Keeping Up With The Jones 

An ordinary suburban couple (Zach Galifianakis, Isla Fisher) finds it’s not easy keeping up with the Joneses (Jon Hamm, Gal Gadot) – their impossibly gorgeous and ultra-sophisticated new neighbors – especially when they discover that Mr. and Mrs. “Jones” are covert operatives.

This film is less about spies than you actually quite imagine. The themes gently look at honesty, communication and care within relationships. Mr Jones reveals that all isn’t well in paradise and it’s an eye opening pause in the movie which reminds that in the information age, anything can be presented as anything and we must not take a surface presentation as indepth truth and use that to measure against our own lives when there is plenty to adore and admire in our own lives.

The Jones are the impossibly over accomplished 👫 couple with a seemingly perfect relationship. They have engrossing hobbies  to be jealous of and even their clothes fit better on their unnecessarily gorgeous persons.

However all that glitters isn’t gold and The Gaffney’ soon begin to realise that there is more to the Joneses that meets the surface and not all of it good. Karren Gaffney leads the charge,  snooping, to great comic effect.

Jeff Gaffney, the HR employee at MBI, connects with Mr Jones and begins to discover  more once Mrs Gaffney does more investigation which leads to them breaking into the Joneses house.

The hilarity is plenty in the film with lots of fun to be had. Enjoying this for what it is, is how to enjoy the movie. Perhaps the cast could have been put in more situations to draw more humour considering the strength if the cast but that’s ultimately down to the script- There’s only so much improv and adlibing you can do.





Andrew Neiman is an ambitious young jazz drummer, single-minded in his pursuit to rise to the top of his elite east coast music conservatory. Plagued by the failed writing career of his father, Andrew hungers day and night to become one of the greats. Terence Fletcher, an instructor equally known for his teaching talents as for his terrifying methods, leads the top jazz ensemble in the school. Fletcher discovers Andrew and transfers the aspiring drummer into his band, forever changing the young man’s life. Andrew’s passion to achieve perfection quickly spirals into obsession, as his ruthless teacher continues to push him to the brink of both his ability – and his sanity.

 Whiplash is written and directed by Damien Chazzelle,  who for all ranking and record keeping is my favorite writer and director for the time being.
Why? His balance of style and substance is so well mastered that the well crafted direction keeps you focusing on the story, embellishing it at every turn.

Watching Miles Teller dissappear down the 🐰 rabbit hole in pursuit of genius if even remotely possible is interesting to watch. JK Simmons is the pressure that forces diamonds out of Miles Teller’ character, or rather motivates him to.

Watching the two ping pong back and forth as the stakes raised and boundaries are crossed is some really watchable cinema. The type you can rewatchable again just to recapture a moment or witness a truly awesome scene.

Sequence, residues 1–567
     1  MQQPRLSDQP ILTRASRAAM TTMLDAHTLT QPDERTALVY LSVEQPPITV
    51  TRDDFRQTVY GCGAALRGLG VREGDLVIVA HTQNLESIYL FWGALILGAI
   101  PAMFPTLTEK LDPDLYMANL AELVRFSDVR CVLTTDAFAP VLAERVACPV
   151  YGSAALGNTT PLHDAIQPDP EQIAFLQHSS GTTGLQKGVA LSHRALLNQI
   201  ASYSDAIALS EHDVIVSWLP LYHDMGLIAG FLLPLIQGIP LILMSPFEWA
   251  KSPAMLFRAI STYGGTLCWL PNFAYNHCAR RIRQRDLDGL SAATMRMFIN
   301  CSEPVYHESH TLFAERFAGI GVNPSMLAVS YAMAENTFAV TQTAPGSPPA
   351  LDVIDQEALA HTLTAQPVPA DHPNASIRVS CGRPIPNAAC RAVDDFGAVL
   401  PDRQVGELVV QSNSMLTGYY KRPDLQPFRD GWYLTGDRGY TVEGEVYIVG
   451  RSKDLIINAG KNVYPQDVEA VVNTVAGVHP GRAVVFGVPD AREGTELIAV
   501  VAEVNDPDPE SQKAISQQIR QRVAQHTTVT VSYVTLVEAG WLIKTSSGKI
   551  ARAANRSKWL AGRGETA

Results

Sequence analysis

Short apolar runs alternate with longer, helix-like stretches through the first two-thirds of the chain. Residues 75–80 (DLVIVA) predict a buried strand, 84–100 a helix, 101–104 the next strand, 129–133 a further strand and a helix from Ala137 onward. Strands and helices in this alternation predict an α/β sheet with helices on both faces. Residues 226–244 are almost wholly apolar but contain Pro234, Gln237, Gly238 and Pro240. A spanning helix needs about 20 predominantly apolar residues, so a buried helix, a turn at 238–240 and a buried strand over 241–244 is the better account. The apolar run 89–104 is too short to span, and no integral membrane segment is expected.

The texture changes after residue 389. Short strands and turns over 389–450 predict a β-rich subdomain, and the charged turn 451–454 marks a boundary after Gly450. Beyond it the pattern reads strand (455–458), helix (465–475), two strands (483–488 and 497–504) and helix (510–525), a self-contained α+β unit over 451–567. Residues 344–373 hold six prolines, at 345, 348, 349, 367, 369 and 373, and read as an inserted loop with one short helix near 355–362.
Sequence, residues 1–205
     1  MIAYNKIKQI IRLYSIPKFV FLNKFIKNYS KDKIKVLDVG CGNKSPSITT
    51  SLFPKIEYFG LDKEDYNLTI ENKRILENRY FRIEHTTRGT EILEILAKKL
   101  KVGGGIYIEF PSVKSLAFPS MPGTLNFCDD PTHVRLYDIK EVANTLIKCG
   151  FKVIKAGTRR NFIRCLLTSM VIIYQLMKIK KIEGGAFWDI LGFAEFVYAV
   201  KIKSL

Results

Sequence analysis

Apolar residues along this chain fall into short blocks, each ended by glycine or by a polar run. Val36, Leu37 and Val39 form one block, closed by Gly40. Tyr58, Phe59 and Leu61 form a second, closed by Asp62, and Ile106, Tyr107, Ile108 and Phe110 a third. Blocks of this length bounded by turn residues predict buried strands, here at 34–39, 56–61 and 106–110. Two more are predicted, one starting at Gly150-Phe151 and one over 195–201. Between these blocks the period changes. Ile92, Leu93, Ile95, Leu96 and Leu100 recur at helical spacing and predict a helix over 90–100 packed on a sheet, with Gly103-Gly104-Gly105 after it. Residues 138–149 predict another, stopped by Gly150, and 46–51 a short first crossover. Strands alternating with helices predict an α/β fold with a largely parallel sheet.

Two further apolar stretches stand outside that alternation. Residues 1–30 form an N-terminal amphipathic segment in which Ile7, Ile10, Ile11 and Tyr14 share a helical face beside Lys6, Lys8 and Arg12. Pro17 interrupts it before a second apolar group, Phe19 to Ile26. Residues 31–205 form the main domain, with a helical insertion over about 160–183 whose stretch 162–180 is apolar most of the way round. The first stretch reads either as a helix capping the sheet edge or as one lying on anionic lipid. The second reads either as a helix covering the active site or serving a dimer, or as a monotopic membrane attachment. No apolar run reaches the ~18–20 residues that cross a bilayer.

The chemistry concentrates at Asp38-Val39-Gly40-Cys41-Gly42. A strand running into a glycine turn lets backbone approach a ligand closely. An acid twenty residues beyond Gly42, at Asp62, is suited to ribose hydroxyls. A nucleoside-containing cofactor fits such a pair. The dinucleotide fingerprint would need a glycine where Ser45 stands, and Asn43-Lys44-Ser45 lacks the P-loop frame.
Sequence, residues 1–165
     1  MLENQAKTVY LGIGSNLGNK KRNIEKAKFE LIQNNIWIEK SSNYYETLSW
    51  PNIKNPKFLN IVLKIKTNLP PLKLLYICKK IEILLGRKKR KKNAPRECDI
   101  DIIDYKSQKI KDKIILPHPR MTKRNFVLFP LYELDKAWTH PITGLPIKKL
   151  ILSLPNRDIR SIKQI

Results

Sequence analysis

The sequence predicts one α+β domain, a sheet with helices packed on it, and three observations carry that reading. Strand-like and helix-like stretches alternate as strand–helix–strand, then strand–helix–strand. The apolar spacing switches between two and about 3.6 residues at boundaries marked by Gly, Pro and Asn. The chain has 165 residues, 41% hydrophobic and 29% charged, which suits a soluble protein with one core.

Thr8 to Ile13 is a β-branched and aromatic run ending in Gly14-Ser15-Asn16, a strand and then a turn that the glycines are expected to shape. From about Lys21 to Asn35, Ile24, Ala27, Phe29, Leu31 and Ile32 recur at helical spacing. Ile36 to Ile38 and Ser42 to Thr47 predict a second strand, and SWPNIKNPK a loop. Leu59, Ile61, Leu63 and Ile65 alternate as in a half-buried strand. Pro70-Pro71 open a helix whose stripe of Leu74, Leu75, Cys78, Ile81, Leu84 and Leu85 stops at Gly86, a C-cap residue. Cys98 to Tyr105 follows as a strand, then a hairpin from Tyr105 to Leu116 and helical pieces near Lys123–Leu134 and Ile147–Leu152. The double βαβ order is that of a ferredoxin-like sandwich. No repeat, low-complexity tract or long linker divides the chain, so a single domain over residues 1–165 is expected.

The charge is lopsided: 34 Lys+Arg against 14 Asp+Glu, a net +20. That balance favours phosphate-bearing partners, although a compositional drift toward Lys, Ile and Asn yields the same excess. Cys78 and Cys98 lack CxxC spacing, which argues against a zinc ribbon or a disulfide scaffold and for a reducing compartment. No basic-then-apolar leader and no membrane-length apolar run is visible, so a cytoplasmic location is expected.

The film is comprised of scenes like this slotted alongside each other with some very steady pacing. The synopsis says Teller’ charter’ pursuit begins to change him. While true I would have liked to see more of that in the relationship department. Melissa Benoit isn’t savagely underused but the film I believe was going for potency as the only relationship that really has any gravity to our protagonist is that he shares with his mentor, for better or worse.

Here lies the heart off the film; is he truly better of for being mentored by this teacher to end all teachers-is there a prodigy arising from the ashes of the young man he used to be? or is he simply to naive to see that his abusive musical 🎶  mentor is not fit to teach? Or interestingly still, perhaps it’s both. 🤔🤔🤔

By the end of the film you’ll be asking the same questions or answering them definitively.  One thing is certain; this is great cinema with a simple but captivating story set to the tune of some foot tapping  jazz🎺 . 





Former cinema superhero Riggan Thomson (Michael Keaton) is mounting an ambitious Broadway production that he hopes will breathe new life into his stagnant career. It’s risky, but he hopes that his creative gamble will prove that he’s a real artist and not just a washed-up movie star. As opening night approaches, a castmate is injured, forcing Riggan to hire an actor (Edward Norton) who is guaranteed to shake things up. Meanwhile, Riggan must deal with his girlfriend, daughter and ex-wife.

Birdman directorial masterclass by Aleandro Inarritu whose direction in the movie is the showcase that allows the cast to shine in ways we’ve never seen before.

The themes here about Hollywood abound and it’s no wonder it won so many awards; the execution is so well done, it’s never too on the nose. It’s both star and accessory to the actors and actresses, stars in their own right.

Many of the cast get to shine. Zach Galifianakis  get the opportunity to show great range in a dramatic turn like we’ve never seen from him before even if it’s tinted with humour, it comes about organically. Emma Stone does well with her role and sinks her teeth in, you buy her character. Andrea Riseborough gives an equally great performance. The story is centered on characters, and these characters are memorable and watchable,  you want to spend more time with her.